Multi-scale urban passenger transportation CO2 emission calculation platform for smart mobility management

Document Type

Journal Article

Publication Date


Subject Area

place - asia, place - urban, mode - bike, mode - bus, mode - car, mode - pedestrian, mode - subway/metro, technology - emissions, policy - environment


Urban carbon emissions, Passenger transportation, High-resolution CO2 emissions, Smart mobility, Big data analytics, Sustainable transportation


Passenger transportation is one of the primary sources of urban carbon emissions. Travel data acquisition and appropriate emission inventory availability make estimating high-resolution urban passenger transportation carbon emissions challenging. This paper aims to establish a method to estimate and analyze urban passenger transportation carbon emissions based on sparse trip trajectory data. First, a trip chain identification and reconstruction method is proposed to extract travelers' trip information from sparse trip trajectory data. Meanwhile, a city-scale trip sampling expansion method based on population and checkpoint data is proposed to estimate population movements. Second, the identified trip information (e.g., trip origin and destination, and travel modes) is used to calculate multimodal passenger transportation CO2 emissions based on a bottom-up CO2 emissions calculation approach. Third, we develop a multi-scale high-resolution transportation carbon emission calculation and monitoring platform and take the city of Hangzhou, one of China's leading cities, as our case study, with around 10 million daily trips data and a quarter million road links. Five modes of passenger transportation are identified, i.e., walking, cycling, buses, metro, and cars. Hourly carbon emissions are calculated and attributed to corresponding road links, which build up passenger transportation carbon emissions from road links to region and city levels. Results show that a typical working day's total passenger transportation CO2 emission is about 36,435 tonnes, equivalent to CO2 emissions from 4 million gallons of gasoline consumed. According to our analysis of the carbon emissions produced by approximately 40,000 km of roadways, urban expressways have the most hourly carbon emissions at 194 kg/(h·km). Moreover, potential applications of the developed methods and platform linking to smart mobility management (e.g., Mobility as a Service, MaaS) and how to work in tandem to support green transportation policies (e.g., green travel rewards and carbon credits in transportation) have been discussed.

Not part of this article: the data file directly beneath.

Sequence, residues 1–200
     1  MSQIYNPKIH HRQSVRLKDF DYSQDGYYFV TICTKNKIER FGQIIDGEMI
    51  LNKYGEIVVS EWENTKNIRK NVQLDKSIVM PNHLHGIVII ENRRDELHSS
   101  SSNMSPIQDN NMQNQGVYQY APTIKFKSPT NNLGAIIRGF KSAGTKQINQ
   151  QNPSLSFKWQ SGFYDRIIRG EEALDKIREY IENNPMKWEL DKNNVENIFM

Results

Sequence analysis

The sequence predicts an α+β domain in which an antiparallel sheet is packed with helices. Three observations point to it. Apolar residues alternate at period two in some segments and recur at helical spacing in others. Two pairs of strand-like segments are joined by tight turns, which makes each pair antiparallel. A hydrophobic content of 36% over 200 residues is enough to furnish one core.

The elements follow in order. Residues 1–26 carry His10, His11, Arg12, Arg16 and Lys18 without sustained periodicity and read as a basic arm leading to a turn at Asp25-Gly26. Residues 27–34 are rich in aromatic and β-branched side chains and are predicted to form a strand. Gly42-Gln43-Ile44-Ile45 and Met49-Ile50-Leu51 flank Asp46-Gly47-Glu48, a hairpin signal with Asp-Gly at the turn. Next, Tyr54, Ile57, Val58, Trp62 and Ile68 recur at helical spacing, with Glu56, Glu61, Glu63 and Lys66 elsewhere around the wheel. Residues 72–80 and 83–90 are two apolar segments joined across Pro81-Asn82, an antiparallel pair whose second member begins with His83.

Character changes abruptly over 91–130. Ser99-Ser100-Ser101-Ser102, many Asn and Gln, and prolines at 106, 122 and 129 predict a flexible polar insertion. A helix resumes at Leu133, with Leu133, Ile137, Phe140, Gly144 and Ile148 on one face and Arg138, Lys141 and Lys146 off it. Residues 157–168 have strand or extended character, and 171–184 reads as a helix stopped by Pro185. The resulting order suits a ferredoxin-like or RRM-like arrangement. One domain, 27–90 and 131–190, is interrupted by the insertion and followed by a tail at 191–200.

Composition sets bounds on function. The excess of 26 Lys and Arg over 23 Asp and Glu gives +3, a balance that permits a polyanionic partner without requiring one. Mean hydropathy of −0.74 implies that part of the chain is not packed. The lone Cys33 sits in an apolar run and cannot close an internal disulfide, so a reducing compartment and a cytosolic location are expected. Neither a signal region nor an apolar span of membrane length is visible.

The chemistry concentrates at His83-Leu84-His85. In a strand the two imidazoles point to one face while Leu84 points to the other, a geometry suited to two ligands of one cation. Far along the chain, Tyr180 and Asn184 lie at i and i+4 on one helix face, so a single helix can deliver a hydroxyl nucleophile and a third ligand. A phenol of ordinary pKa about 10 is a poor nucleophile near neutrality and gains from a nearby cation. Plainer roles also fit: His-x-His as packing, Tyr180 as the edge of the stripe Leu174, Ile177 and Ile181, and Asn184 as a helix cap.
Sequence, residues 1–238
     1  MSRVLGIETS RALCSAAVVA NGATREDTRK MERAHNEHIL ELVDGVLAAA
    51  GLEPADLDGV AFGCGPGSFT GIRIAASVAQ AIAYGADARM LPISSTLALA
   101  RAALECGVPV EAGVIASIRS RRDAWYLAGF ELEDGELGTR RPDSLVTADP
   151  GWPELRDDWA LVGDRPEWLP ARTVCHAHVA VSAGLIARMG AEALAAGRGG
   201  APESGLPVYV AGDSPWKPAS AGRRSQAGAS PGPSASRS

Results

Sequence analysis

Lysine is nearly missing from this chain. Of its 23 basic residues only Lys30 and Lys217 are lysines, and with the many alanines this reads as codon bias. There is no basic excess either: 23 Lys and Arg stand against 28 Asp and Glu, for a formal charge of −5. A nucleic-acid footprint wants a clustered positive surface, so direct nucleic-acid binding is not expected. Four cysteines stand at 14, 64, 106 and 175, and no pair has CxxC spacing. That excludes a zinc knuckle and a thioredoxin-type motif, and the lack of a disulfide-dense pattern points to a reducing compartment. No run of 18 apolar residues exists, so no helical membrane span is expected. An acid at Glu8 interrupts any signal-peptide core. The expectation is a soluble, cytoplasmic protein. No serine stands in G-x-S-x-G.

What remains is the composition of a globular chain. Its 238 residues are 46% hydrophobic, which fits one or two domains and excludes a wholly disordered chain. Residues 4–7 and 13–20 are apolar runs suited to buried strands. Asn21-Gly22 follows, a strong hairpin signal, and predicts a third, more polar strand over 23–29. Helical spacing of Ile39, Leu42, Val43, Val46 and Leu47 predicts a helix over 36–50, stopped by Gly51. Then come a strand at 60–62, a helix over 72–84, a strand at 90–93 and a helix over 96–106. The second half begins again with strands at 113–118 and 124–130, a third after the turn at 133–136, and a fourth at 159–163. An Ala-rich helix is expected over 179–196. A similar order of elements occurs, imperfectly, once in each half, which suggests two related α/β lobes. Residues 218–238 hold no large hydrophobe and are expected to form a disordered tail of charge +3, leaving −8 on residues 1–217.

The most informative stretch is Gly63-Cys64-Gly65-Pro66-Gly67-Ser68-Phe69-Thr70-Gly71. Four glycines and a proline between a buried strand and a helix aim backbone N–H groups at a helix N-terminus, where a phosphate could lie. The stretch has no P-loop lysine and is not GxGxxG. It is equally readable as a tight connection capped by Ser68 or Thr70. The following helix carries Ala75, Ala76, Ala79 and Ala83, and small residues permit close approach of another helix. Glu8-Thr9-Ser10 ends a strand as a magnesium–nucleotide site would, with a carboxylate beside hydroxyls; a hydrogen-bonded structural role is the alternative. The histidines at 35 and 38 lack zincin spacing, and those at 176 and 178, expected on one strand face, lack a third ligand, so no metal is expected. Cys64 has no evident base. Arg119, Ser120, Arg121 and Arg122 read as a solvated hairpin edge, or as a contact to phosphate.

Permission to publish the abstract has been given by Elsevier, copyright remains with them.


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